Helping Communities Recover
Of course, our nation's local elected officials and their staffs have been hard at work helping our communities recover for quite some time. And many of the tools you've been using were provided through the Recovery Act.

Indeed, we provided almost three-quarters of HUD's $13.6 billion in Recovery funds directly to localities because we believed you best understood the needs of your communities -- and that you knew how to ensure these dollars benefited the people and the neighborhoods who needed them most.

………And you have delivered. With your leadership, HUD's Recovery programs have helped renovate over 358,000 homes and build more than 3,600 new homes in communities across the country -- many to green standards with energy efficient improvements, saving money for residents and owners alike.

With funds from the Homelessness Prevention and Rapid Re-Housing Program, our mayors have helped us prevent or end homelessness for more than three-quarters of a million people -- "fundamentally changing," as you reported last year, the way communities respond to homelessness.

Most important of all, HUD Recovery programs created more than 27,000 jobs in the third quarter of last year alone.

None of this would have been possible without the leadership of our nation's mayors AND YOU............. I congratulate each of you for helping HUD obligate 100 percent of our Recovery funds a full month ahead of schedule.

You've shown the same tenacity with the first round of Neighborhood Stabilization funds. And I want to congratulate each of you for meeting your NSP 1 obligation deadlines in September.

Ninety-nine percent of you met the 18 month deadline Congress set. We were all proud to help you get over the finish line.

Indeed, we all know that the Neighborhood Stabilization Program has been an essential tool in our cities' toolbox, helping you buy up foreclosed and abandoned homes.

That's why we've provided additional funding through the Recovery Act and through the Dodd-Frank Wall Street Reform bill for two additional rounds of NSP to meet an increased need.

But we also know the extraordinary challenges communities faced using these funds at the outset -- from staff shortages during a time of enormous budget cutbacks to having to establish individual relationships with financial institutions, to having to negotiate the best price one house at a time.

An Uncertain Budget Situation
Of course, at the same time these tools are helping to repair our economy, we face an uncertain budget situation for the foreseeable future. Some of you have already drawn down every dollar of CDBG funds received through the Recovery Act -- and others are right behind them.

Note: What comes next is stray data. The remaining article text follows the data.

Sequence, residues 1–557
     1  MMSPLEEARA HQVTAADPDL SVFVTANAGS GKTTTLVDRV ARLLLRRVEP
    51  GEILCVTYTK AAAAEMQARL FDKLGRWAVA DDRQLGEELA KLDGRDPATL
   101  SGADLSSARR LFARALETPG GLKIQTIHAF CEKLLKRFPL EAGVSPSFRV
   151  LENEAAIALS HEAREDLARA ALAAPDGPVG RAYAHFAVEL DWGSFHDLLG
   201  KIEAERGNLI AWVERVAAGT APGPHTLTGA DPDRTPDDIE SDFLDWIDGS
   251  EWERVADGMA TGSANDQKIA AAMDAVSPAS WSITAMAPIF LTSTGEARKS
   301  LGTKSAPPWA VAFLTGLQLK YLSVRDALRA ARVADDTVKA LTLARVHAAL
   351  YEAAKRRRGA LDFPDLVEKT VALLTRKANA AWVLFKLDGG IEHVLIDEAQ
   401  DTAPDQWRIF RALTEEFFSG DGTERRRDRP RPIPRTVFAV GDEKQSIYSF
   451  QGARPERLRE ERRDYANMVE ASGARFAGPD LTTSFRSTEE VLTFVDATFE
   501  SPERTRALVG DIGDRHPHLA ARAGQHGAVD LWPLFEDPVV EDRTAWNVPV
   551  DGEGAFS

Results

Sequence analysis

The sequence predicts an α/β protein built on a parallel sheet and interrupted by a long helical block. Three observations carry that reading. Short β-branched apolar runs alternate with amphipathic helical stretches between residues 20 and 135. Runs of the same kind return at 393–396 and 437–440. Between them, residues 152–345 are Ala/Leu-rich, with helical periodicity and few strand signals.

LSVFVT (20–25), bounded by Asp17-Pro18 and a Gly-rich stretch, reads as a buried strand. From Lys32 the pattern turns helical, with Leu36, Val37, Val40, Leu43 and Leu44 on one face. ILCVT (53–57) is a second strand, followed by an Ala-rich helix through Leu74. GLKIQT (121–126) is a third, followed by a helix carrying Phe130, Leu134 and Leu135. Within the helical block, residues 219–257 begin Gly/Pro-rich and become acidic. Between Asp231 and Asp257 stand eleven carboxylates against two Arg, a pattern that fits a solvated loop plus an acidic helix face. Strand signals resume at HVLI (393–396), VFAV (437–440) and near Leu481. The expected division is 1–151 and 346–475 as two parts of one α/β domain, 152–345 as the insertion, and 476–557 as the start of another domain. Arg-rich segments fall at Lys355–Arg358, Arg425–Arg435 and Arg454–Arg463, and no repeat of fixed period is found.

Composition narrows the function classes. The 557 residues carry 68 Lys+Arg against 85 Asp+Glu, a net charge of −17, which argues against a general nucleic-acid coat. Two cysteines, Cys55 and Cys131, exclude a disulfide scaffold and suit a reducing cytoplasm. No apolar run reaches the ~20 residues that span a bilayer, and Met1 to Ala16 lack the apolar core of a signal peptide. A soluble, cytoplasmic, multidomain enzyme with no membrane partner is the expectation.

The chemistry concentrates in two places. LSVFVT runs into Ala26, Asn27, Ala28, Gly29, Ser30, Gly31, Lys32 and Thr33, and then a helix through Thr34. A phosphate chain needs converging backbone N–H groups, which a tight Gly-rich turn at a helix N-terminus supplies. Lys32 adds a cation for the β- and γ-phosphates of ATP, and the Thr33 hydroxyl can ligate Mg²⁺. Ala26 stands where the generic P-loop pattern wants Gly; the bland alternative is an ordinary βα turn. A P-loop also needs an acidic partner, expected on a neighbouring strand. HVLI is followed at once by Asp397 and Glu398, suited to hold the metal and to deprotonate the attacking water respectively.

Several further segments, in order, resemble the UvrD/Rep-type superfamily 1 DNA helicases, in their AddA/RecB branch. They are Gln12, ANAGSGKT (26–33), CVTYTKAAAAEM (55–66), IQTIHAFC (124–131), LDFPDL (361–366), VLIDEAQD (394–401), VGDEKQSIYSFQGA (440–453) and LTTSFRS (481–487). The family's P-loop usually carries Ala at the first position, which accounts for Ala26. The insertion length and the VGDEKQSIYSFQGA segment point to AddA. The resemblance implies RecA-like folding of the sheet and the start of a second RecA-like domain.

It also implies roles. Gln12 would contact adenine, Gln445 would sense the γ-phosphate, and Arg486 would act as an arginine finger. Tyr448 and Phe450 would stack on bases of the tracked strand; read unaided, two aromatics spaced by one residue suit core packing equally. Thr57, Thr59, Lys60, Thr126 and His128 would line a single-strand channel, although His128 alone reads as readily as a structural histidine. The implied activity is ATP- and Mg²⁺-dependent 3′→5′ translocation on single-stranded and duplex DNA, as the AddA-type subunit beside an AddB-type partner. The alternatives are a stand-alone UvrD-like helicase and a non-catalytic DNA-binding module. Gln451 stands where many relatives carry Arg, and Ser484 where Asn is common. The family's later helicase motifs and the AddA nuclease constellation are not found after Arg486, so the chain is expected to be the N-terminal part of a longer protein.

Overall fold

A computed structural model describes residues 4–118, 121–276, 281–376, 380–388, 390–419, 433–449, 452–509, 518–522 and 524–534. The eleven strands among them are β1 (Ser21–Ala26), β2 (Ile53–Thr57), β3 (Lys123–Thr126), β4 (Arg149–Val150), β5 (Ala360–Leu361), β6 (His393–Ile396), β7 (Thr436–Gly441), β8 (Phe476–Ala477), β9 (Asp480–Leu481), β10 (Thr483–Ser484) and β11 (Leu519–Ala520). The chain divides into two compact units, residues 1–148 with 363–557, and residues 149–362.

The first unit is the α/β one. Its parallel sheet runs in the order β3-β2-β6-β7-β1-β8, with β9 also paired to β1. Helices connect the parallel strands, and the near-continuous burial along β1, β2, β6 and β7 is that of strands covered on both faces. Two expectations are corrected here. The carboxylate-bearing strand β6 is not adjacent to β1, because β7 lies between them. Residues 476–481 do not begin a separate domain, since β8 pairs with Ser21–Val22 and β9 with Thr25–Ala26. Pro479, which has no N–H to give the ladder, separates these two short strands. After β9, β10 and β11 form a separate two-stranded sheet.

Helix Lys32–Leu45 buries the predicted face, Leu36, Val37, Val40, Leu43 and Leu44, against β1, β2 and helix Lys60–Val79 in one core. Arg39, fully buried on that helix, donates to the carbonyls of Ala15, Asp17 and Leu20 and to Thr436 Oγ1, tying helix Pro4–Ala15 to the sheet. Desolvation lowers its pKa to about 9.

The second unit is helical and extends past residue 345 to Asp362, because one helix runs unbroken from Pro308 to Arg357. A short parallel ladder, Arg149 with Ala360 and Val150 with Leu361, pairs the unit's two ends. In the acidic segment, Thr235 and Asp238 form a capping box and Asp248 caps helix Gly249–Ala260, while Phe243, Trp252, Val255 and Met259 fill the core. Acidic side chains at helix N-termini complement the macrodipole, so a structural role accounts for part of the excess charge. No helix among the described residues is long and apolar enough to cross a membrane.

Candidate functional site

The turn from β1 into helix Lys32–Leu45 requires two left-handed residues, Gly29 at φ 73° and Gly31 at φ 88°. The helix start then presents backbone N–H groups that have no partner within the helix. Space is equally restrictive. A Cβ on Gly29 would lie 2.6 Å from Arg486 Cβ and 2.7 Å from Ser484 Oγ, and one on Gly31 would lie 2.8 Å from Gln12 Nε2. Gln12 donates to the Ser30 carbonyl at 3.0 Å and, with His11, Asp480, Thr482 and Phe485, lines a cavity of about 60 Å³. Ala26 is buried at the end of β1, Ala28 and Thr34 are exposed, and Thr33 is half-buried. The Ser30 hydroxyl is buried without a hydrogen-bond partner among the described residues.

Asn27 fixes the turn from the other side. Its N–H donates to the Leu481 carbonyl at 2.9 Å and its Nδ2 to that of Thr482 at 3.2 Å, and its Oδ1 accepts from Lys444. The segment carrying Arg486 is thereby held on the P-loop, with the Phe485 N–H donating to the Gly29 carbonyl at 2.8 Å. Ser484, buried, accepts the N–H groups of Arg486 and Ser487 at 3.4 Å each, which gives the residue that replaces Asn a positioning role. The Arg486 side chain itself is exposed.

Having been a city leader, I know how critical programs like CDBG and HOME are to your communities.

This May will be the 20th anniversary of the HOME program -- and this year, it will produce its one-millionth home.

CDBG funds make a difference, particularly, when the dollars they leverage build the economic infrastructure a community needs to thrive.

For example, the State of North Dakota added $1.5 million of CDBG funding for economic development financial assistance to for profit businesses last year and created 116 new jobs in communities such as Jamestown, Minot and Valley City.

Still, while President Obama has not yet released his FY 2012 budget proposal, some are suggesting we cut $100 billion from domestic programs.

Now, let me be clear, this administration is serious about reining in unnecessary spending -- and you'll see that in the President's budget. Tough decisions will need to be made.

But we are also committed to making the strategic investments we need to ensure the economic future of this country.

And CDBG is an important catalyst for economic growth -- helping you bring businesses to your communities, forge innovative partnerships around child care and rebuild your economies.

So, let me be perfectly clear: When it comes to CDBG funding, President Obama hears you--loud and clear.

And we need your help -- to keep reporting data we need--and improving the data you collect--to make the case that CDBG creates jobs.